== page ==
Pan con bistek at Latin American is great - they add a slice of grilled ham, no mayo that I could detect.
                          However, the steak sandwich at Lila's was alway my favorite - it was just a piece of palomilla steak, and their awesome fries on pressed cuban bread.

                          1. re: eimac

                            I havent had the Pan Con Bistek there, or at Lila's, but I had the one at El Rey De Las Fritas. Oh man. (see attached).

                            I would KILL for a Rey De Las Fritas anywhere in the NY/NJ metro area.

                             
                          2. re: Covert Ops

                            I make them at home with leftover grilled porkloin (marinated and basted in mojo, lime and papaya), smoked ham, sopressata, Jarlsberg cheese, garlic pickle slices an Pommerey mustard on a baguette. I wrap it in foil and mash it between two large griddles, flipping it over every few minutes. I like mine nice and toasty.

                          3. Yes, your girlfriend is correct. It did originate in Cuba. The restaurant was El Carmelo and as far as the reply you received below....I beg to disagree with the poster signed 2top on May 31. - Elena Ruz was a young Cuban socialite and related to Fidel & Raul Castro on their mother's side (Ruz) - Contrary to his opinion, the name is not Ruth or Rush pronounced Ruz - it is RUZ and she is still alive living now in Miami.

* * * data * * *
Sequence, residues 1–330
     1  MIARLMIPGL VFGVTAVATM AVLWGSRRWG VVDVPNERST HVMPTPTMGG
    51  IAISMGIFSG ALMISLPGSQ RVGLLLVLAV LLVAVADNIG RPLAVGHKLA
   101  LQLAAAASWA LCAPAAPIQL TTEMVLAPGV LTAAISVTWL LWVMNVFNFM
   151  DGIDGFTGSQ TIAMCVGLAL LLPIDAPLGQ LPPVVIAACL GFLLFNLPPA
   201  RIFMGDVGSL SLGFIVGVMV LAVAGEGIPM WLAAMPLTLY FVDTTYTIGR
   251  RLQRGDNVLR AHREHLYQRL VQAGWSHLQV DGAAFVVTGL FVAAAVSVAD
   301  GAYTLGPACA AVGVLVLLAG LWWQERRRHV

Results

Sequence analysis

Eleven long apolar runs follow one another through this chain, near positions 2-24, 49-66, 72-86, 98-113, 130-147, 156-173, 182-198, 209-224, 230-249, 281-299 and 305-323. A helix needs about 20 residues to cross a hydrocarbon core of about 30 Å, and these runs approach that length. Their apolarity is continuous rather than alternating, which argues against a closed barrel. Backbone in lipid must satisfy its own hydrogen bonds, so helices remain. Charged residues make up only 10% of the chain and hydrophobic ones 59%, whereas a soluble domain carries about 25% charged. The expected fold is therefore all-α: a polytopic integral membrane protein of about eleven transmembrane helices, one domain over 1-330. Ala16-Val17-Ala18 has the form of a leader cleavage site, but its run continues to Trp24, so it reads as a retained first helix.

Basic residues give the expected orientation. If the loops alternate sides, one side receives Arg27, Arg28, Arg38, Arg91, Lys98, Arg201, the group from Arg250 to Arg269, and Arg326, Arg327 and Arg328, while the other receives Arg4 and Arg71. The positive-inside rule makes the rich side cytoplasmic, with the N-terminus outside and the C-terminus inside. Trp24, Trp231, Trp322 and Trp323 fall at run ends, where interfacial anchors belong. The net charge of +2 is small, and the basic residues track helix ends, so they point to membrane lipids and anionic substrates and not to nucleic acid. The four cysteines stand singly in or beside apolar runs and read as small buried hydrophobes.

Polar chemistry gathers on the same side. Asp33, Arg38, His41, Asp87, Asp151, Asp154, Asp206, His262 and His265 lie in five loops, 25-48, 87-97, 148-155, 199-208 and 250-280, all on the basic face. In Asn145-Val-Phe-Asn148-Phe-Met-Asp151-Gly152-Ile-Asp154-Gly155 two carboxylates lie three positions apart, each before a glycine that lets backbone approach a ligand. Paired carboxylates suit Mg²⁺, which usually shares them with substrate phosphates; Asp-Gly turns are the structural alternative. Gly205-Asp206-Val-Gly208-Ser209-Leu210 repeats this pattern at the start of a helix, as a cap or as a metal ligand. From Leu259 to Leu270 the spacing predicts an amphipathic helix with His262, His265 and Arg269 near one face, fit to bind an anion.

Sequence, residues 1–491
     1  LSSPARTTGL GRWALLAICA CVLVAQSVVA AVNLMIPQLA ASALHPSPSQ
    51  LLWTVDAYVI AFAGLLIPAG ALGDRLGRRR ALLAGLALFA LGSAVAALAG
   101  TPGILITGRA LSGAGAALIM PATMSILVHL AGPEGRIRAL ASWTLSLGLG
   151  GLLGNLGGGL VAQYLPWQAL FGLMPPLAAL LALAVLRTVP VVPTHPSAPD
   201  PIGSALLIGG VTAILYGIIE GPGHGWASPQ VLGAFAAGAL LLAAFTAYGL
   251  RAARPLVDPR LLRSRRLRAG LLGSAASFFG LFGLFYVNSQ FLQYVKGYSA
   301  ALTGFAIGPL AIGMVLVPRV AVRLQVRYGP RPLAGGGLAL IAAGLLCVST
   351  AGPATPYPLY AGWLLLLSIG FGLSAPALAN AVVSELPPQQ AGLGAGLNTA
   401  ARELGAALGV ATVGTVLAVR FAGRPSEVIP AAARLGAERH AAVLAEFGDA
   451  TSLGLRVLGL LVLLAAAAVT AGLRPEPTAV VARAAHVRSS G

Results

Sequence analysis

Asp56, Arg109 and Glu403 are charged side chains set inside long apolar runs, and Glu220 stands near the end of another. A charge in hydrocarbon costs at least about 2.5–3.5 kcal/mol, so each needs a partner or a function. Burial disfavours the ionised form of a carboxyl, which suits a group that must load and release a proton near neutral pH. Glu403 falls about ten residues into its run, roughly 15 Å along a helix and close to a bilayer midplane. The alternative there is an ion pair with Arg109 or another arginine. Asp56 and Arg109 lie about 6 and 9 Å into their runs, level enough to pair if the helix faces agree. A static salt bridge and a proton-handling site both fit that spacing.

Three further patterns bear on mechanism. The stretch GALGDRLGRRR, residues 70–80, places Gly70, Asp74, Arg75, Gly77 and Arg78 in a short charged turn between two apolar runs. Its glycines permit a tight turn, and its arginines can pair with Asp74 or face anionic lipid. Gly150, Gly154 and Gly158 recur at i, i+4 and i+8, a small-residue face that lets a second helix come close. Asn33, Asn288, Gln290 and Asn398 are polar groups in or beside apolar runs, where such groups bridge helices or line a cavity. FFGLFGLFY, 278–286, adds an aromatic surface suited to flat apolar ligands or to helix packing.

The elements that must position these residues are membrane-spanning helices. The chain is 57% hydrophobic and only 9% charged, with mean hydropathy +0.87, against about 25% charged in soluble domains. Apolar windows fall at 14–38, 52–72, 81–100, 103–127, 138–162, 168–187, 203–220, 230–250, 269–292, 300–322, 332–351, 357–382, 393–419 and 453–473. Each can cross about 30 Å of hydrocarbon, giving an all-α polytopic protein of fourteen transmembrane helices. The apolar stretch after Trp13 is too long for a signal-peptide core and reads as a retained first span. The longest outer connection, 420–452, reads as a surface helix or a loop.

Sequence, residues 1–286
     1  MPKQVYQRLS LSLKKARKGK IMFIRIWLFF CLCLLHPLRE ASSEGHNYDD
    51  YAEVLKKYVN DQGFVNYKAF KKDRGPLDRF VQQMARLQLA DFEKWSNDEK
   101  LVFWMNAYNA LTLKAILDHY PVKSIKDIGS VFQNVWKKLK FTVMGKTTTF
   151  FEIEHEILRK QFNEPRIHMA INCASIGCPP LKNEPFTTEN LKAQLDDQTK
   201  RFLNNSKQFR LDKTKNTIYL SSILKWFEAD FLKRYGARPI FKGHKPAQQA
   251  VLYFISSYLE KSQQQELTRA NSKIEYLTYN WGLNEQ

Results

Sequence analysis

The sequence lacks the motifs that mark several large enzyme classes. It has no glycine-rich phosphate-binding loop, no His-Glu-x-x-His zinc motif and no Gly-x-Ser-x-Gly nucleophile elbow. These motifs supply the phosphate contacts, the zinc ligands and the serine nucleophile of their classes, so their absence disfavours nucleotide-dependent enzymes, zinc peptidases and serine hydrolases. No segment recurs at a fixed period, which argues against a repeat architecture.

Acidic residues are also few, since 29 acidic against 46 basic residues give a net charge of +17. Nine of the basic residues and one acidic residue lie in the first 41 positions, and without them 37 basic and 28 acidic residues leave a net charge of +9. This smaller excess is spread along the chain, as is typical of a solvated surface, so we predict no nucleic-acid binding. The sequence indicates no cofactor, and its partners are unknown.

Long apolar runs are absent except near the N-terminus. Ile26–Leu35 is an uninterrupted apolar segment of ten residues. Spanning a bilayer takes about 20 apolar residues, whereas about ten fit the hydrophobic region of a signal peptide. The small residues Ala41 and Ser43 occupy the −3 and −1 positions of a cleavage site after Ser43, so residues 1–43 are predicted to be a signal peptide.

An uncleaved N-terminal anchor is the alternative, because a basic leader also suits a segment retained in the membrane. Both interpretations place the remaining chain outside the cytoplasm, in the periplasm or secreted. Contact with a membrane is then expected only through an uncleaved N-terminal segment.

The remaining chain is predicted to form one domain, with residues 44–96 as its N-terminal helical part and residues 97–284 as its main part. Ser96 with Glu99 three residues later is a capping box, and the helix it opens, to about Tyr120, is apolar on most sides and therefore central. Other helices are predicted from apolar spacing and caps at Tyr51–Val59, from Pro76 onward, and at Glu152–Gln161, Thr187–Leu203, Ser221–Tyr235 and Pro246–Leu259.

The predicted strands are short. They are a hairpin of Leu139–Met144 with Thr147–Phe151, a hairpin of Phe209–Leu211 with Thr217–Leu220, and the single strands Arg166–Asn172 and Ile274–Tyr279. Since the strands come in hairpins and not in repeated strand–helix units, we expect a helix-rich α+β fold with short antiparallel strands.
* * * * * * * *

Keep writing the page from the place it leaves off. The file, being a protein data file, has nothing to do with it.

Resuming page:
1. Yes, your girlfriend is correct. It did originate in Cuba. The restaurant was El Carmelo and as far as the reply you received below....I beg to disagree with the poster signed 2top on May 31. - Elena Ruz was a young Cuban socialite and related to Fidel & Raul Castro on their mother's side (Ruz) - Contrary to his opinion, the name is not Ruth or Rush pronounced Ruz - it is RUZ and she is still alive living now in Miami.

                              1. For the record, my girlfriend has been proven beyond a shadow of a doubt to be corrrect and I, the knowledgeable one, has been proven an idiot.
                                She is right and I am wrong.

                                I beg her forebearance in future matters of food.

                                Thanks to the board for your kind and informed support.

                                Bob